Scribomania is our series where we look at the ornate work of the best black and grey script tattooists in the world. This time around, we’re looking at the work of a graffiti artist turned tattooer, but be sure to check out our previous installments featuring the mind-blowing lettering of David “Vandal” Ruiz, Samuel Taylor, and BJ Betts.
Whether it’s the spray painted script found scrawled along the sides of overpasses or meaningful phrases inscribed on people’s skin, Norm Loves Letters’ handle says it all: the man is passionate about typeface. He cut his teeth as an artist doing graffiti on the West Coast, and now he’s channeled his street smarts spelling out highly stylized script into tattoos. His work is not only extremely refined, but incredibly inventive; through remixing various elements from the two mediums, it represents the crossroads of street art and black and grey tattooing in a powerful way.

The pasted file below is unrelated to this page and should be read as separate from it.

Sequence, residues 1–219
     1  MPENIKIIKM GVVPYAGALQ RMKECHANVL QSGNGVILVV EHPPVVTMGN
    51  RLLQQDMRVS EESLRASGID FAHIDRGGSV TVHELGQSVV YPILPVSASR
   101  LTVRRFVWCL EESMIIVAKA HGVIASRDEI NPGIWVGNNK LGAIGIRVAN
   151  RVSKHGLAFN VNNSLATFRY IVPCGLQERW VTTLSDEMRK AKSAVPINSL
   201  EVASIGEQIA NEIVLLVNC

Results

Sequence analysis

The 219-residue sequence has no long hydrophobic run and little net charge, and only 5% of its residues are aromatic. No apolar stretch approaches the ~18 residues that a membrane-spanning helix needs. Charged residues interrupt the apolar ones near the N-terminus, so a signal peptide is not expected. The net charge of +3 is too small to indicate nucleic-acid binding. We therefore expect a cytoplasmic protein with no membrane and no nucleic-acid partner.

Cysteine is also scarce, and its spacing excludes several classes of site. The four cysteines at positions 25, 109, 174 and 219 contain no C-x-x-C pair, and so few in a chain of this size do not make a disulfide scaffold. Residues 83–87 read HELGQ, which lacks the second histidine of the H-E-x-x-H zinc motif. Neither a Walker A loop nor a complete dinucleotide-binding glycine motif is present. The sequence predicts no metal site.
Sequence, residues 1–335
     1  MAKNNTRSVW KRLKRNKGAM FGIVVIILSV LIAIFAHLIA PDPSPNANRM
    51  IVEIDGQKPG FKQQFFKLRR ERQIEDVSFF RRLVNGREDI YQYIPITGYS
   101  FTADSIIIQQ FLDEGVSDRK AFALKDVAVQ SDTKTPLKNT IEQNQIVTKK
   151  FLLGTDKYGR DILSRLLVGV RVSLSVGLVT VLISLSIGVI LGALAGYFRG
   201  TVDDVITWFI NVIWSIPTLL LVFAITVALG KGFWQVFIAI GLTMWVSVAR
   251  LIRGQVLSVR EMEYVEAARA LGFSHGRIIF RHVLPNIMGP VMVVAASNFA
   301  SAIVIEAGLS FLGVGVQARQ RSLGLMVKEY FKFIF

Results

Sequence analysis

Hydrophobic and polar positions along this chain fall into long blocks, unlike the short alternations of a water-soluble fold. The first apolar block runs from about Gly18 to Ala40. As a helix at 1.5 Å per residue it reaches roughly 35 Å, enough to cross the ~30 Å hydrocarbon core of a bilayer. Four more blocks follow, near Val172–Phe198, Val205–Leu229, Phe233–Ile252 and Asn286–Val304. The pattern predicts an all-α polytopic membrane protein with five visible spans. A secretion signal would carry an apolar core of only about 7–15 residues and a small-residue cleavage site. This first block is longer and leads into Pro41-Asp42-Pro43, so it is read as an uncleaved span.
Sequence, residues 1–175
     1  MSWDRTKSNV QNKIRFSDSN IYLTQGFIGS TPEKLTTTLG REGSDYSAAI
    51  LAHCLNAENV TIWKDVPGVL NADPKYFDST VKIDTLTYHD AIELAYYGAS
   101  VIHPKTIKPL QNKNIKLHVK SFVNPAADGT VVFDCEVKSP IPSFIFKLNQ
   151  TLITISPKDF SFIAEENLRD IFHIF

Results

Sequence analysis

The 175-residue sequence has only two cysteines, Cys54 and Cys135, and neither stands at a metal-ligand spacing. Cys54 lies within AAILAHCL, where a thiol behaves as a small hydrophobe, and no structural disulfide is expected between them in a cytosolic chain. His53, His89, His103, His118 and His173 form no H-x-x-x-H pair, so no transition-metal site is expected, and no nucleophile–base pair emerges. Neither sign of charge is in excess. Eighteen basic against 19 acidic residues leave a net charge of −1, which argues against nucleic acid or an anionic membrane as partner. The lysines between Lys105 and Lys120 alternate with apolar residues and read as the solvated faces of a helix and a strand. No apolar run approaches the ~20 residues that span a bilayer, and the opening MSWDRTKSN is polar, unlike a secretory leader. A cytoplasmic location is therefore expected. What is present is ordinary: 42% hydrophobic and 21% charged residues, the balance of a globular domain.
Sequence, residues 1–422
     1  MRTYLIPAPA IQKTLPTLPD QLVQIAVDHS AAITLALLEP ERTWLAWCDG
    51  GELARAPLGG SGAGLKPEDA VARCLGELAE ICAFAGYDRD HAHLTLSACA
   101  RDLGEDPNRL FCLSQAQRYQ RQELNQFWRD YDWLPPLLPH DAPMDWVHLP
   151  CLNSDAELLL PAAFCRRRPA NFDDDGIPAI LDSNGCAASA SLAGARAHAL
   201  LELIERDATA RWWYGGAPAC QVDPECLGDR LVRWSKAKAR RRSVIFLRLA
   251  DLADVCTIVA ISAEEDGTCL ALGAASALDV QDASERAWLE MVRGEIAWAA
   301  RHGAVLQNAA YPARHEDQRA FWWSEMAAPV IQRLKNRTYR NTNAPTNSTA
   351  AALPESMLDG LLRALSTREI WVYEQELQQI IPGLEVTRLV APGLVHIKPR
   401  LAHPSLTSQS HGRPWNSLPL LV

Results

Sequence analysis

Norm didn’t always plan on a career as a tattooist, but around 10 years ago he took up the art form when his piercing shop fell on hard times. Prior to that, his focus had been on just getting by and making enough to finance his greatest passion — graffiti. In 1998, he moved from Baltimore to San Francisco and got into the street art scene. He befriended the renowned artist Fate, who gave him a crash course in graffiti, and Norm’s been writing on walls ever since. His experience spray painting buildings, train cars, and any other surface naturally transferred into his tattoos.
Since first picking up a tattoo machine, Norm has earned a reputation for his loud, proud, and impeccably clean calligraphy. It’s nearly the only style he works in, and over the years he’s blurred the boundaries between graffiti and tattoos. His murals frequently feature the narrower and precise aesthetic of black and grey lettering, while many of his tattoos capture the outspoken vibe of street art.
Norm’s body of work illustrates how graffiti and tattoos are, in many ways, sister art forms. They’ve both been with humanity for thousands of years but entered into mainstream popular art simultaneously. By using them in such an interchangeable manner, Norm highlights this relationship, showing that tagging and tattooing are anything but mutually exclusive: they live on the same two-way street.